Find a sap who will listen to bullshit. Wrong place here.
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On Thu, 01 Nov 2012 20:40:49 -0500, Vic Smith

I don't punch holes in firewalls to run heavy cables. If they are heavy like battery cables they go under the car and come up through the back using grommets - often through existing holes in the body that have factory installed covers. If it is a simple accessory battery charging wire (not using the SLA battery to power the inverter) - #6AWG stranded is 1/4" in diameter, sometimes it can be routed back through existing firewall grommets, and follow the chassis harness back along the rocker panel area to the back of the car.Then the inverter gets connected to the batteries with the shortest possible cables.
I've been doing this kind of installation since the late sixties - when an "inverter" was a motor generator unit. (Rotary Inverter). Google it. Coach batteries in motor homes and travel trailers use the same wiring techniques, but back then ran everything on 12 volts DC.
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snipped-for-privacy@snyder.on.ca wrote:

Sounds very familiar... Oh yeah that's basically how the rear battery in my vehicle is set up. Except I'm running #4 because I had it in stock. I run a modified isolator with remote sensing so the "house" battery gets a full charge. That batt. powers the extra lights and an inverter. Now that LED are finally throwing some light so they can be used as scene lights the current use is WAY down over the old 30W and 50W halogens. Wish I could find good 90 degree replacement LEDs for my mini bar though.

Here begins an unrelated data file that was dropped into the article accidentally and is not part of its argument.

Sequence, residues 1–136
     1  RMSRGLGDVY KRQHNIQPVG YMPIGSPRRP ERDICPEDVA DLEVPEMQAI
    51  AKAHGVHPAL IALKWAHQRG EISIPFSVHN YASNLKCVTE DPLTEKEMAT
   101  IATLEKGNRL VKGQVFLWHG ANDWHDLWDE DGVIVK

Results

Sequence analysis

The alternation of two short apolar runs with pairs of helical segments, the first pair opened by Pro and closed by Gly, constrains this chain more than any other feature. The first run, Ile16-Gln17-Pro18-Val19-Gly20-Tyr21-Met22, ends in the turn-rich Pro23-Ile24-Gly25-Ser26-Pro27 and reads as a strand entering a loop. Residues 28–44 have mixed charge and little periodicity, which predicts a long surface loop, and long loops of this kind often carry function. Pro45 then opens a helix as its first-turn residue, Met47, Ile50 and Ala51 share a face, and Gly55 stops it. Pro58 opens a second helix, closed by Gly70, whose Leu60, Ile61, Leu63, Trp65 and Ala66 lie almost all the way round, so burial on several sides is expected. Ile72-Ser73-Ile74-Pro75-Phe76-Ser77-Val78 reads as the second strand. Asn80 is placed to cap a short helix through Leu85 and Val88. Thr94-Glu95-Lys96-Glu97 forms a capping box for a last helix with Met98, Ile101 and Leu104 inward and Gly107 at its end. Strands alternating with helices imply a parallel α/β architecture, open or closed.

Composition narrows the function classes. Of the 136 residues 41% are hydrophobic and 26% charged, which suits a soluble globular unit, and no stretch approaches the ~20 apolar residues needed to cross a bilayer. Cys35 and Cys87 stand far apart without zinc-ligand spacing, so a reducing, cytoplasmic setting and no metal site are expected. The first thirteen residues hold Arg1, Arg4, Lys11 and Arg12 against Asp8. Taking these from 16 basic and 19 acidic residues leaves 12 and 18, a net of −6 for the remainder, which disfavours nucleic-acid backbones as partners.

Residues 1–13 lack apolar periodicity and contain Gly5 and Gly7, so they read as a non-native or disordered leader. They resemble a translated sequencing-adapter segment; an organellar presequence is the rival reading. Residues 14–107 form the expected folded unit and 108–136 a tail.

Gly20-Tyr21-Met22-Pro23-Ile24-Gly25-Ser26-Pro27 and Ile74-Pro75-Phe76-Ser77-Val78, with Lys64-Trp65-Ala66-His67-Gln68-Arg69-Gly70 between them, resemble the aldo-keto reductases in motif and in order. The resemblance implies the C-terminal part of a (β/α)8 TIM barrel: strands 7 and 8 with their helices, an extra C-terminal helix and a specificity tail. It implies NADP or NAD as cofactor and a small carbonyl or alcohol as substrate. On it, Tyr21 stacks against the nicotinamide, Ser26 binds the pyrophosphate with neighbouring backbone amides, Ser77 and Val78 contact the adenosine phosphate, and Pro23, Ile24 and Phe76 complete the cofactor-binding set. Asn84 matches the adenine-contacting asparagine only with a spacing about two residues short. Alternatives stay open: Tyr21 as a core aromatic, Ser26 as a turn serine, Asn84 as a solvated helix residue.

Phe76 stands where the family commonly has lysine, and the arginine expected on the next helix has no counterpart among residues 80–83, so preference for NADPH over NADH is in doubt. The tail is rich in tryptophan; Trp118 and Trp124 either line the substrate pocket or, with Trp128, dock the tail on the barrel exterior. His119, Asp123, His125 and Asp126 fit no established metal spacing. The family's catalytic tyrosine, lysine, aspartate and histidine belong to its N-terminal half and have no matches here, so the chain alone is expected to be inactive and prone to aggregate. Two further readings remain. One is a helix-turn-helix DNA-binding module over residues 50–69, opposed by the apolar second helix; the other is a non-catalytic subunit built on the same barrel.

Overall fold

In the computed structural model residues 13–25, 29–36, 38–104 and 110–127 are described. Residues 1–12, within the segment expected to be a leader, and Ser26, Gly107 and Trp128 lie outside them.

--
Steve W.

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On Thu, 01 Nov 2012 20:40:49 -0500, Vic Smith

However you do need to take the resistance of the wires into consideration.
#4 copper cable, for example, has a resistance of 0.253 per 1,000 ft at 68 degrees F. .308 at 167 F. 1 amp current through this "resister" results in a voltage drop of almost 1/4 volt. 10 amps results in a drop of 2.5 volts. or about 20% losses. Your 12 volt circuit suddenly becomes a 9 volt circuit. So at low voltage you require large, expensive, wires to avoid significant voltage losses.
A 120 VAC circuit using 1,000 ft. of #4 wire with 10 amps flowing through it would have a voltage loss of about 3 volts, or about 2.5% so with conventional AC circuits you can use smaller, cheaper, wires.
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wrote:

All good to know. And I always note wire sizes in inverter specs. Always considered wire costs to be significant to reduce losses going to the inverter. But I've booster cable jumped a lot of cars, and just naturally know that cheaping out on cables is a bad move. I was looking at cables in the 1/0 - 4/0 range and it looked to me that jumping a step in cable diameter would easily compensate for the resistance increase jump from 3 to 6 feet, and still meet a particular inverter's cable specs. I just disagreed about routing heavy cables to my car interior for an non-permanent, "as-needed" inverter setup.
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On Thu, 01 Nov 2012 06:39:12 -0500, Vic Smith

A GENERATOR regulator regulated both voltage and current. An alternator regulator controls only voltage. The current is limitted by the power ouput of the alternator and the internal resistance.